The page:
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p53 as a marker of prognosis in African-American women with breast cancer.
Ann Surg Oncol. 2010 May; 17(5):1398-405.AS

Abstract

BACKGROUND

p53 overexpression has been identified as a poor prognostic marker in breast cancer. We investigate the value of p53 status within the context of stage and intrinsic subtype classification (subtype), in a group of African-American (AA) women of lower socioeconomic status (SES) with primary breast cancer.

METHODS

Participants were 331 consecutive AA women treated at an urban hospital (median follow-up 41 months) with known subtype [luminal A = estrogen receptor (ER)+ and/or progesterone receptor (PR)+, human epidermal growth factor receptor 2 (HER2)-; luminal B = ER+ and/or PR+, HER2+; HER2+ = ER-, PR-, HER2+; basal = ER-, PR-, HER2-, cytokeratin (CK)5/6+, and/or HER1+; and unclassified = negative for all five markers] and p53 (Pab1801 antibody) immunohistochemical status. Proportional hazards regression models were used to select and evaluate factors prognostic for all-cause mortality.

RESULTS

p53+ status was associated with grade 3 tumors, ER/PR- status, and basal subtype. On univariate analysis, factors related to survival were stage, grade [(3/1) hazard ratio (HR) = 2.64; 95% confidence interval (CI), 1.15-6.07], subtype [(ex. basal/luminal A) HR = 2.15; 95% CI, 1.34-3.45], and p53 status [(+/-) HR = 1.77; 95% CI, 1.15-2.72]. Multivariable modeling indicated that p53+ status remained a negative prognostic factor (HR = 1.63; 95% CI, 1.01-2.59) after adjustment for effects of age, stage, grade, and subtype; 5-year adjusted survival was significantly greater for p53- (66.7%) than p53+ cases (54.7%).

CONCLUSION

p53 status is an independent predictor of survival after consideration of other strong prognostic factors such as stage, tumor grade, and subtype, and thus may be useful in identifying AA women at high risk of breast cancer mortality.

Authors+Show Affiliations

The Cancer Foundation for Minority and Underserved Populations, Chicago, IL, USA. keithdookeran@chicagobooth.eduNo affiliation info availableNo affiliation info availableNo affiliation info availableNo affiliation info availableNo affiliation info available

Pub Type(s)

Journal Article
Research Support, N.I.H., Extramural
Research Support, Non-U.S. Gov't

Language

eng

PubMed ID

20049641

Citation

Dookeran, Keith A., et al. "P53 as a Marker of Prognosis in African-American Women With Breast Cancer." Annals of Surgical Oncology, vol. 17, no. 5, 2010, pp. 1398-405.
Dookeran KA, Dignam JJ, Ferrer K, et al. P53 as a marker of prognosis in African-American women with breast cancer. Ann Surg Oncol. 2010;17(5):1398-405.
Dookeran, K. A., Dignam, J. J., Ferrer, K., Sekosan, M., McCaskill-Stevens, W., & Gehlert, S. (2010). P53 as a marker of prognosis in African-American women with breast cancer. Annals of Surgical Oncology, 17(5), 1398-405. https://doi.org/10.1245/s10434-009-0889-3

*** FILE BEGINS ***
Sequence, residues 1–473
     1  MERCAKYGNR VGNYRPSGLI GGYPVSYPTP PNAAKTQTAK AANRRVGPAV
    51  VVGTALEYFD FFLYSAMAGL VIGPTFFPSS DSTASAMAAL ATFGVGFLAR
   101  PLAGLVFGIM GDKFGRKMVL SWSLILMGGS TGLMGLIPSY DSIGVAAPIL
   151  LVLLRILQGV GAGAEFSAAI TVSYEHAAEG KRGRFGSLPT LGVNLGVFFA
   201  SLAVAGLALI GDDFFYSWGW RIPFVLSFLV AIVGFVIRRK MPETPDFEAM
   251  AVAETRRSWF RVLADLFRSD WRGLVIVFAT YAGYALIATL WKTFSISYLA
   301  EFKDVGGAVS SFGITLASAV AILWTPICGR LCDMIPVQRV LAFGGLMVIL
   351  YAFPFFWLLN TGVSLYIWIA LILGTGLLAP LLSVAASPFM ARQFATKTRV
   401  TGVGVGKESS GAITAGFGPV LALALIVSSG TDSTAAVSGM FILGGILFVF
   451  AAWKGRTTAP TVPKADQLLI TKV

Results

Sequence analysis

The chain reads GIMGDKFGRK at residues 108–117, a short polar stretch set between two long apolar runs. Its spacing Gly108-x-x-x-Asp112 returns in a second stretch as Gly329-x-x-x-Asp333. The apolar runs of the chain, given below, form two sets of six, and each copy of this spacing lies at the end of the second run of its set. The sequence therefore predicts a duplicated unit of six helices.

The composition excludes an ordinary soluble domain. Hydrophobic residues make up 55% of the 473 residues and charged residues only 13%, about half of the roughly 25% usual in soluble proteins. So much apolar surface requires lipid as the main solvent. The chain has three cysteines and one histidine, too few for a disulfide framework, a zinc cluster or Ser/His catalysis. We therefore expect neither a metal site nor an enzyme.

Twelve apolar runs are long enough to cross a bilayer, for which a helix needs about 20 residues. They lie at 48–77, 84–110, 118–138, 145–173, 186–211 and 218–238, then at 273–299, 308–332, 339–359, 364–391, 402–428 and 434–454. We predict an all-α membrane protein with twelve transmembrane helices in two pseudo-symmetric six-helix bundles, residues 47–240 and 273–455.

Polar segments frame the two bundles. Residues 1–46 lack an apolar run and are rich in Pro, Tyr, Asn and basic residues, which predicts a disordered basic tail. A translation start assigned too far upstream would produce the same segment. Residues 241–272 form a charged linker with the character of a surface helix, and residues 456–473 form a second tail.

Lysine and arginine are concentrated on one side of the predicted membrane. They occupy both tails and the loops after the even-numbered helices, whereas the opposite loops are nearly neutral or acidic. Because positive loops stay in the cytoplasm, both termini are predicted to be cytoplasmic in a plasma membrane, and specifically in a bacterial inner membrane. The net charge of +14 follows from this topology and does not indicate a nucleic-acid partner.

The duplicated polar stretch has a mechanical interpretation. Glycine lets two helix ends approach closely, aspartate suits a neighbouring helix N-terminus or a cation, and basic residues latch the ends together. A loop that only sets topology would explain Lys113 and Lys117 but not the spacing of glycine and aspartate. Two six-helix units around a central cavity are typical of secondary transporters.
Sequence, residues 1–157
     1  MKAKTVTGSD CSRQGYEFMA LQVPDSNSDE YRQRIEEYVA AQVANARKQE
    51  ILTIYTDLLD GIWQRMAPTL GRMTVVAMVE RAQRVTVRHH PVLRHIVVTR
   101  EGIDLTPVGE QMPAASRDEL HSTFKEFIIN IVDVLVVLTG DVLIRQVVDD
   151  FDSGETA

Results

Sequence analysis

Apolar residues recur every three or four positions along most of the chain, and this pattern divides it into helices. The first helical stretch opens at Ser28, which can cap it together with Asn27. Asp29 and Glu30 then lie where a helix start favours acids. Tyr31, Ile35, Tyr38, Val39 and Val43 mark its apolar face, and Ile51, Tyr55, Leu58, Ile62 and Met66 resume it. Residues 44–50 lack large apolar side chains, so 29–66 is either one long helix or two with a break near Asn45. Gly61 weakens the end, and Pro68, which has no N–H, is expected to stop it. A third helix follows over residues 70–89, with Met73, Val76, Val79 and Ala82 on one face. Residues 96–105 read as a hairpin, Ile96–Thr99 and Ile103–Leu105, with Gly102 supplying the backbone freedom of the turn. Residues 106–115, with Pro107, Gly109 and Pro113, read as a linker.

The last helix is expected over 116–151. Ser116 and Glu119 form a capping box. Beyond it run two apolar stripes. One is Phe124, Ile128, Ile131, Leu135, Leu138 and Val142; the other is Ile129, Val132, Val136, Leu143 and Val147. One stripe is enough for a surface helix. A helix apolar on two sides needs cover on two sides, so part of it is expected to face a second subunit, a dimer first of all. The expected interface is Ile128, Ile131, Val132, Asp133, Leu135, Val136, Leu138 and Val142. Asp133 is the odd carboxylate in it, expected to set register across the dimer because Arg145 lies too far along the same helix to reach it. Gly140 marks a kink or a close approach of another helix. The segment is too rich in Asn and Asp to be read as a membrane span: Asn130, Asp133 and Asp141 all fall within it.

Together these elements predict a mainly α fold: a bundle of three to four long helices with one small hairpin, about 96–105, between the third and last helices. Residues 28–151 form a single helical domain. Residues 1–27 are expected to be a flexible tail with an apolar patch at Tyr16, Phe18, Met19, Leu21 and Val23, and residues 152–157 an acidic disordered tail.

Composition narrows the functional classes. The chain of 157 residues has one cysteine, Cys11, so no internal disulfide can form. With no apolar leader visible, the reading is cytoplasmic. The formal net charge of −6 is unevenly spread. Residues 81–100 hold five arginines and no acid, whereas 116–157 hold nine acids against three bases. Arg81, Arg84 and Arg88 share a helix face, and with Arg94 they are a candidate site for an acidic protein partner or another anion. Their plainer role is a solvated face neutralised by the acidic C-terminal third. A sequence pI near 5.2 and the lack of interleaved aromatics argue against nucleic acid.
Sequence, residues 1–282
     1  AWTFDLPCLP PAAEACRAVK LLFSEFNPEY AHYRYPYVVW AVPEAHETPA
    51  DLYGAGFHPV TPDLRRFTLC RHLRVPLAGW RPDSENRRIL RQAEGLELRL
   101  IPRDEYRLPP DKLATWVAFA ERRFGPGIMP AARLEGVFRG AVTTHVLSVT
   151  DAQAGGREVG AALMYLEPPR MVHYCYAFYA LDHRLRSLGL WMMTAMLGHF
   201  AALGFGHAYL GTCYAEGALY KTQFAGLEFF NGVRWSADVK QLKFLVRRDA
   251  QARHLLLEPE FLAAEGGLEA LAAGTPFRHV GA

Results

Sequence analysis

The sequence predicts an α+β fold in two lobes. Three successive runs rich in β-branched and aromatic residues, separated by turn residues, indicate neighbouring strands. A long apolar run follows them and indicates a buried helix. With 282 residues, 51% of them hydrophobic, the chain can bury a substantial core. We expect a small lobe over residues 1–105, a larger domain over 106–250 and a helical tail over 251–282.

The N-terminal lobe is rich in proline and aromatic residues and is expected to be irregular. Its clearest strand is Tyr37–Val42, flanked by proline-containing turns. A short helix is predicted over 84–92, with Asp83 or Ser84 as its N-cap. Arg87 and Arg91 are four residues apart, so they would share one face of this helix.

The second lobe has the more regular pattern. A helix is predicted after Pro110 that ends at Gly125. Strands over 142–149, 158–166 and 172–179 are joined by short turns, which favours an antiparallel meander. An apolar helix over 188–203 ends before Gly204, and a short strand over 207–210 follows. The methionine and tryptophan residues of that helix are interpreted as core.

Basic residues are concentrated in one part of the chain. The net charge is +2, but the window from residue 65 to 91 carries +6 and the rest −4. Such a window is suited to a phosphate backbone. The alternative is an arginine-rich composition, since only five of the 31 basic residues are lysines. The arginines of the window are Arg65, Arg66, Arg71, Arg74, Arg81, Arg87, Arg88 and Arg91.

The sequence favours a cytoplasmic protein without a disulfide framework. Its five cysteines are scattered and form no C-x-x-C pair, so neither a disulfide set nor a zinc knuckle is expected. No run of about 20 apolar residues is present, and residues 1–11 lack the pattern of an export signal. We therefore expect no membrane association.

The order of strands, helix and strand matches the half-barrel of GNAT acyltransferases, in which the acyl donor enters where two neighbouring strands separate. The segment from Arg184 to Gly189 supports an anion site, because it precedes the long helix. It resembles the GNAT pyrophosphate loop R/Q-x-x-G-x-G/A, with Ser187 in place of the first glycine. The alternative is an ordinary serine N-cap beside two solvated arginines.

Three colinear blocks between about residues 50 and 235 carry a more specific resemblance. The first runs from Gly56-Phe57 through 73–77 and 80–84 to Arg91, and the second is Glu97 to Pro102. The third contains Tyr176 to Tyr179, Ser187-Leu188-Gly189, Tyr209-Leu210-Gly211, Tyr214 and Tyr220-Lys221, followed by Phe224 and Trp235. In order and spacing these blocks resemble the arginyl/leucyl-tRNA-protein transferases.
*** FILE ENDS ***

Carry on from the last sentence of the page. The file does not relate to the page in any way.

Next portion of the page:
Dookeran KA, et al. P53 as a Marker of Prognosis in African-American Women With Breast Cancer. Ann Surg Oncol. 2010;17(5):1398-405. PubMed PMID: 20049641.
* Article titles in AMA citation format should be in sentence-case
TY - JOUR T1 - p53 as a marker of prognosis in African-American women with breast cancer. AU - Dookeran,Keith A, AU - Dignam,James J, AU - Ferrer,Karen, AU - Sekosan,Marin, AU - McCaskill-Stevens,Worta, AU - Gehlert,Sarah, Y1 - 2010/01/05/ PY - 2009/09/21/received PY - 2010/1/6/entrez PY - 2010/1/6/pubmed PY - 2010/7/30/medline SP - 1398 EP - 405 JF - Annals of surgical oncology JO - Ann Surg Oncol VL - 17 IS - 5 N2 - BACKGROUND: p53 overexpression has been identified as a poor prognostic marker in breast cancer. We investigate the value of p53 status within the context of stage and intrinsic subtype classification (subtype), in a group of African-American (AA) women of lower socioeconomic status (SES) with primary breast cancer. METHODS: Participants were 331 consecutive AA women treated at an urban hospital (median follow-up 41 months) with known subtype [luminal A = estrogen receptor (ER)+ and/or progesterone receptor (PR)+, human epidermal growth factor receptor 2 (HER2)-; luminal B = ER+ and/or PR+, HER2+; HER2+ = ER-, PR-, HER2+; basal = ER-, PR-, HER2-, cytokeratin (CK)5/6+, and/or HER1+; and unclassified = negative for all five markers] and p53 (Pab1801 antibody) immunohistochemical status. Proportional hazards regression models were used to select and evaluate factors prognostic for all-cause mortality. RESULTS: p53+ status was associated with grade 3 tumors, ER/PR- status, and basal subtype. On univariate analysis, factors related to survival were stage, grade [(3/1) hazard ratio (HR) = 2.64; 95% confidence interval (CI), 1.15-6.07], subtype [(ex. basal/luminal A) HR = 2.15; 95% CI, 1.34-3.45], and p53 status [(+/-) HR = 1.77; 95% CI, 1.15-2.72]. Multivariable modeling indicated that p53+ status remained a negative prognostic factor (HR = 1.63; 95% CI, 1.01-2.59) after adjustment for effects of age, stage, grade, and subtype; 5-year adjusted survival was significantly greater for p53- (66.7%) than p53+ cases (54.7%). CONCLUSION: p53 status is an independent predictor of survival after consideration of other strong prognostic factors such as stage, tumor grade, and subtype, and thus may be useful in identifying AA women at high risk of breast cancer mortality. SN - 1534-4681 UR - https://www.unboundmedicine.com/medline/citation/20049641/p53_as_a_marker_of_prognosis_in_African_American_women_with_breast_cancer_ L2 - https://dx.doi.org/10.1245/s10434-009-0889-3 DB - PRIME DP - Unbound Medicine ER -